Tenchi Muyo! Game Hen - Reader Retroview  

Replay Muyo!
by JuMeSyn

6-12 hours
Click here for scoring definitions 

   Tenchi Muyo has taken several forms in the anime world thanks to not-necessarily connected OVA series', spin-off series, movies, an alternate plotline series, and doubtless more that I haven't explored. They all have some basic elements in common however. Masaki Tenchi is a young man who finds himself the center of attention of two women (primarily): Jurai Ayeka, who is the princess of the Jurai family which exerts enormous influence upon galactic affairs, and Ryoko the powerful space pirate. Ayeka's younger sister Sasami is around also, as is Washu the maker/mother of Ryoko and an incredibly gifted scientist who is also several thousand years old, along with Mihoshi the archetypal blonde ditz who is somehow a member of the Galactic Police. Ryo-ohki, Ryoko's spaceship that usually is in the form of a cat/rabbit with a predilection for carrots, cannot really speak but figures in also. Explaining the entire mythos of Tenchi Muyo will take quite awhile, but the focus of the various iterations is usually more upon light comedy and drama than action even though most of the characters do have extraordinary powers and the need to wield them.

   It is this possession of extraordinary powers and their wielding that makes Tenchi Muyo Game-Hen begin. A day at the Masaki family grounds begins like most others, with Sasami contentedly making breakfast for everyone while Ryoko and Ayeka fight over Tenchi. Things change a bit when some monsters pop in, and they change a bit more when a woman named Shizuki abducts Sasami. Such a thing cannot be tolerated, so Tench, Ayeka, Ryoko and Mihoshi take off in pursuit to the spaceship Shizuki came on, fighting things and picking up further allies from the Tenchi Muyo cast on the way. In the spaceship they find Sasami and Washu, then meet up with the true architect of this scheme, a rival of Washu's named Kusumi. Upon beating Kusumi she flees to the moon with Ryoko, necessitating a trip up to the moon for the settling of accounts - with Shizuki coming along because she was under Kusumi's control earlier.

I didn’t know you actually could get water from the moon…. I didn’t know you actually could get water from the moon….

   That's it. Save for a bit of squabbling and the recruiting of extra characters, I have written out the entire story. A story fit for an episode or two of the Tenchi Universe series perhaps, but hardly adequate for an RPG.

   In navigating the environs of the game, the group will run into a tactical battle at every map juncture. And I mean every juncture, with areas previously visited having the same battle waiting. The player will select four characters to enter into battle with no more than four enemies simultaneously, and the two sides go at it via an isometric perspective. As tactical titles go options are pretty sparse; a character can move, attack, or sit still.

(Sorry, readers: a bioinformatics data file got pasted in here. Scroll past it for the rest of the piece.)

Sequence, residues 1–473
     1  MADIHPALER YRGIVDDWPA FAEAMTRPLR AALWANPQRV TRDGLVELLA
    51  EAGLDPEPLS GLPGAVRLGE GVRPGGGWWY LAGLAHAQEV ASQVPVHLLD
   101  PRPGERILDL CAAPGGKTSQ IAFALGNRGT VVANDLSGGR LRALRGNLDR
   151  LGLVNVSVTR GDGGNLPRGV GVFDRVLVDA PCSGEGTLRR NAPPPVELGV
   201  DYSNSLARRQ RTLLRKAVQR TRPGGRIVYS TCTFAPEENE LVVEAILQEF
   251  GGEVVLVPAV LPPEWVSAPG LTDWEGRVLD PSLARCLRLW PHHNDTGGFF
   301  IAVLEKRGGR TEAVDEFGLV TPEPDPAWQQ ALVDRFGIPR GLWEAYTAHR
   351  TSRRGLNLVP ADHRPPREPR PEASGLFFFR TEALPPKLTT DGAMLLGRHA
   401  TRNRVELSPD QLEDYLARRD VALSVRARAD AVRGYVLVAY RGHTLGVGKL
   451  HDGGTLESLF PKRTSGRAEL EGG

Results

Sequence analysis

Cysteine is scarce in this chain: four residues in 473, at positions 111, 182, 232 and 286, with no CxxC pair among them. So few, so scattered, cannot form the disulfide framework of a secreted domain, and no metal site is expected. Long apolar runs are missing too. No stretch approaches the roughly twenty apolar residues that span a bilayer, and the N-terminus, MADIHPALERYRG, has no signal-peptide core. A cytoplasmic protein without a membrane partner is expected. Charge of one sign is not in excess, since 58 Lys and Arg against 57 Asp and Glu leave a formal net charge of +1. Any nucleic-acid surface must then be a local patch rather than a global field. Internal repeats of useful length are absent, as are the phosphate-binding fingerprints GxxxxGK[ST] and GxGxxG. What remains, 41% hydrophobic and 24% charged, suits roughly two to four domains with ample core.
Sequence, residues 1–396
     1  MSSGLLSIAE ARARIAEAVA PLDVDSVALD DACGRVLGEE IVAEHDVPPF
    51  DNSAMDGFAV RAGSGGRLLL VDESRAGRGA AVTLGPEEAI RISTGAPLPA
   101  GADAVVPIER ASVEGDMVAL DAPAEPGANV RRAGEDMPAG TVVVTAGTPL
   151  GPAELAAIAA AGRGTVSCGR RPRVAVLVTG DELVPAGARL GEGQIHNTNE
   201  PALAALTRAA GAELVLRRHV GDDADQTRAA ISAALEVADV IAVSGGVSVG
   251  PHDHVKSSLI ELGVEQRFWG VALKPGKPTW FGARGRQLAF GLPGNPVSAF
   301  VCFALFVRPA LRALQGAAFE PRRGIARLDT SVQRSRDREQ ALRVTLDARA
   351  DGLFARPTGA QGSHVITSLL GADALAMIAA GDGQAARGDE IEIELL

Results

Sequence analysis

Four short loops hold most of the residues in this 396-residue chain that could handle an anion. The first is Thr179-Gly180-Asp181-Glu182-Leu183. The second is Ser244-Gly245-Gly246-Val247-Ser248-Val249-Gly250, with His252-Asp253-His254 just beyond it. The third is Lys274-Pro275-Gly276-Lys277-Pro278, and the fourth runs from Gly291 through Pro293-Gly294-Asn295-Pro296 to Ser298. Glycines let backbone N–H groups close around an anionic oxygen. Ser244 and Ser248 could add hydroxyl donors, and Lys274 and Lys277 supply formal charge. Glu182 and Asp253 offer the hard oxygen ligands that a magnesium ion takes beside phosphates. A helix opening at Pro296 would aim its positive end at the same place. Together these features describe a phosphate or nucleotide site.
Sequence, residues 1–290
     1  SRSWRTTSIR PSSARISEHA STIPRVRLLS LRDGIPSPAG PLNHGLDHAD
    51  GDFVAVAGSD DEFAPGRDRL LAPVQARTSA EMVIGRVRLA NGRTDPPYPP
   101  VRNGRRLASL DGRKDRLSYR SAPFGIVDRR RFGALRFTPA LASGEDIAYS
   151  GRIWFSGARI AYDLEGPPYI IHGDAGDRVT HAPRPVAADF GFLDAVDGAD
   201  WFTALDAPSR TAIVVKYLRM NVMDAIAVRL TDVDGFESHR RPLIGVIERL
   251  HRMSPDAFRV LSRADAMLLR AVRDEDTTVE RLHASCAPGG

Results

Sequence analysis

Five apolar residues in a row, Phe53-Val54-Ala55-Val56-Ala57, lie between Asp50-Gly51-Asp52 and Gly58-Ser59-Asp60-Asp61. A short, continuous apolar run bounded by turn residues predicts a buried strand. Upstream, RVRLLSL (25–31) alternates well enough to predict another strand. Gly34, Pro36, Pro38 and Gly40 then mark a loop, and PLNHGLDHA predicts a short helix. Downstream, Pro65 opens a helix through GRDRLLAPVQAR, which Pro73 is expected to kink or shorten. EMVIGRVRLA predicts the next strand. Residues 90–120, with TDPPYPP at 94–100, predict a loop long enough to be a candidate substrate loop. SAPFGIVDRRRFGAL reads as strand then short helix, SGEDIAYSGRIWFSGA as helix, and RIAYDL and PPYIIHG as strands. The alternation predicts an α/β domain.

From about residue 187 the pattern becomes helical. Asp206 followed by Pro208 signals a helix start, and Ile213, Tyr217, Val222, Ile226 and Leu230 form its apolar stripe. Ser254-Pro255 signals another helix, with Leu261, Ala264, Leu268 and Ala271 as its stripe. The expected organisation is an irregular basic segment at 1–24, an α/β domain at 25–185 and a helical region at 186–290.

The system isn't quite THAT sparse, since energy does charge up with every turn. Two units of energy per character's turn charge, up to a maximum of 8. Different attacks use varying amounts of energy per turn, with the different attacks/abilities being learned by going up a level. After reaching level 3 each character (save Shizuki) has the ability to transform (based upon the anime) with different and more powerful attacks being accessible. The caveat is that energy does not regenerate when transformed.

Ryoko knows how to teleport the entire screen into space, but since robots don’t breathe still has to administer pain. Ryoko knows how to teleport the entire screen into space, but since robots don’t breathe still has to administer pain.

   Experience is NOT earned in this game, at least not in any form I've ever seen. Instead of enemies coughing up experience points, a level is gained by killing a certain number of enemies apparently. And the maximum level is 8 for every character. There are no items, no weapons, and no money to be concerned with. The only interaction issue has to do with the somewhat sluggish feel of the cursor in combat, but since this is a turn-based tactical title that can be accommodated. Otherwise the lack of things to interact with makes the subject a non-issue.

   Challenge is not an issue either. With so few levels to gain, each one makes a big difference to a character. The few bosses are fairly powerful but do not move, making their defeat rather easy to achieve. At level 8 the final battles are easy, with the only challenge being the need to walk back and forth to power up the party with the same battles. Someone plowing through the game with extraordinary luck could probably complete it in 4 hours, but pumping up four characters to level 8 won't take more than 10 hours most likely, 12 at the outside. And there is no reason for replay whatsoever.

   Aesthetically the game is acceptable, no more. Graphics look like fairly generic Super Famicom material featuring Tenchi Muyo characters, with nothing demonstrating what the machine could produce when pushed. Aurally the music is pretty good, with a strong Tenchi feel, it just lacks variety (perhaps 10 tracks in the whole game and no final boss theme). A bit of voice acting exists from the seiyuu who perform the characters, but again the lack of variety hurts after a bit.

   Tenchi Muyo Game-Hen is not execrable, just very dry. The game's pace lags frequently, which is unacceptable in a title that lasts less than 10 hours. Battling gets boring very quickly thanks to the repetition necessary. Perhaps if Kiyone had been present the game would have been a little better - but that's unlikely. The shortness is only made tolerable by the lack of interesting content to inspire further play.

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